15 March 2006 | Rebecca Ellinor
UK gas storage could be empty before the end of March, according to utility consultants Power Efficiency.
The firm made the grim warning following the "gas balancing alert" issued by National Grid for the first time this week and the quadrupling of prices on Monday to 255p/therm. The same gas on Friday cost 60p/therm.
National Grid, which manages the UK gas pipeline network, confirmed that it issued the alert on Sunday for Monday and it was in place all day. It said it acted as a "signal to the market that if demand continued at current levels, the UK could run out of gas.
The alert is triggered when forecast demand for gas rises above 377 million cubic metres on a particular day. National Grid said the warning alerts the market to take action such as buying or releasing gas from alternative sources of storage or through the continental interconnector. The alert can also act with a "demand-side response" which involves selling gas back into the market and running on alternative fuels.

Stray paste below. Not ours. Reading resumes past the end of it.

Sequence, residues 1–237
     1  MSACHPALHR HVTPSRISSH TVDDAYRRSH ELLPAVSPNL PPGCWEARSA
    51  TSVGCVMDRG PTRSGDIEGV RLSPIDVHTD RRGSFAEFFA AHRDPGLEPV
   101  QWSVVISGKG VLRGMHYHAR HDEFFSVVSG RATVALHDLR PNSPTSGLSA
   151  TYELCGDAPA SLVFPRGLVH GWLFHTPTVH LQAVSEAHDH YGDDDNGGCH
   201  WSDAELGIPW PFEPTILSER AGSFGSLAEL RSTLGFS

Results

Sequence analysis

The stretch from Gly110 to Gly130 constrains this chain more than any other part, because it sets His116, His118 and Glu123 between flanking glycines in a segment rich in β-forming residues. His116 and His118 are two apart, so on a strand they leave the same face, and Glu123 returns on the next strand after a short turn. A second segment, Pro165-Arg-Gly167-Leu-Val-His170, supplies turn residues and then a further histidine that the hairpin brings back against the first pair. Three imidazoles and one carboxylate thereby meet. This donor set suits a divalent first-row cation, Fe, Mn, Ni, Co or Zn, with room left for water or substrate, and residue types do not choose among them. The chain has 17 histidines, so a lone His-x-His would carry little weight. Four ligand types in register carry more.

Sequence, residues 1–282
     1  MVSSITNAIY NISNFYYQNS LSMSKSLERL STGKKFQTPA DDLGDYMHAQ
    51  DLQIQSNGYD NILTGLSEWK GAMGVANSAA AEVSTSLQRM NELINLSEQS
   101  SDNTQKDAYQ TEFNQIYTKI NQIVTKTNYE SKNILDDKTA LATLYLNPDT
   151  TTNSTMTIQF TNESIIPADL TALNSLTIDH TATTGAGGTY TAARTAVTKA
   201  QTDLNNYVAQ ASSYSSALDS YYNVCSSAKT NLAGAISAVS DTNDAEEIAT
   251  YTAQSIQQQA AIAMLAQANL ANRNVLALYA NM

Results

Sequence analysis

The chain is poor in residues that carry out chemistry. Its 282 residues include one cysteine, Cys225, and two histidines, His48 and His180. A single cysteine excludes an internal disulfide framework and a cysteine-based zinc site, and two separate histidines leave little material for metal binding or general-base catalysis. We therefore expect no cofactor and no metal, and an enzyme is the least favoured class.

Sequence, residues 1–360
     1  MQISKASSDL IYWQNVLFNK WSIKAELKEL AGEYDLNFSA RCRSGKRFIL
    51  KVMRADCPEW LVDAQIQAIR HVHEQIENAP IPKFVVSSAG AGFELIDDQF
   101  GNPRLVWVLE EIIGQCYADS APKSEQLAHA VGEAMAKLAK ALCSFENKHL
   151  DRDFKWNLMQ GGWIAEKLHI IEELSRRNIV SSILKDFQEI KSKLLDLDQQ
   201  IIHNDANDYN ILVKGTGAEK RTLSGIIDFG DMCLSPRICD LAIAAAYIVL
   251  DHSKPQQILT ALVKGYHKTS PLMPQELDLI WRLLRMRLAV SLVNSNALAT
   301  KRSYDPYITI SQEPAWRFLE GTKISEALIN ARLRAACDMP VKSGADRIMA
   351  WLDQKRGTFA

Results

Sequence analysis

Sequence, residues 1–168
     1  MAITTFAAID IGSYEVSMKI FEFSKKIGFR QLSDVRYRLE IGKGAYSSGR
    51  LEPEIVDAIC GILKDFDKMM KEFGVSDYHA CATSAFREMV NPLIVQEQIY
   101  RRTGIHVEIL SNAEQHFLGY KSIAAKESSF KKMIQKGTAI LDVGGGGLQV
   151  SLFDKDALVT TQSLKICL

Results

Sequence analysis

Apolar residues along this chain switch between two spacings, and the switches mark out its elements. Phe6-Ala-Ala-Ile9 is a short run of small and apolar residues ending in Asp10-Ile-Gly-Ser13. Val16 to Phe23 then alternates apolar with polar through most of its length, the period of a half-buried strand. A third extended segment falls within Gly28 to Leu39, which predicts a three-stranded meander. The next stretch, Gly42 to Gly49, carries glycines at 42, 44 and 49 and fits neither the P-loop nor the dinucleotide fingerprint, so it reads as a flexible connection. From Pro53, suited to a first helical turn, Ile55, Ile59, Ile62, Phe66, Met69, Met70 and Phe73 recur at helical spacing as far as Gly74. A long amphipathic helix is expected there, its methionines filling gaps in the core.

A National Grid spokesman told supplymanagement.com
: "It wasn't a request to curb gas usage or switch off, just a signal to the gas market that there is an opportunity to source additional gas or offer a demand side response."
The mechanism was introduced in November last year, when UK gas then set a then record price of 165p/therm.
Power Efficiency issued its monthly newsletter for its larger clients on Monday and said: "At the current rate gas storage will be empty before 26 March."
The consultancy firm advised clients to switch to oil while gas prices remain high and said gas buyers should consider hedging as part of a risk management strategy rather than simply paying day-ahead prices and hoping for the best.
Mark Callaway from Power Efficiency told supplymanagement.com
: "Big industrial companies can buy day ahead prices or build a portfolio of fixed price blocks by, for example, buying at today's price for half of the winter. But most are tending to use day ahead which we know has worked out more expensive and is riskier."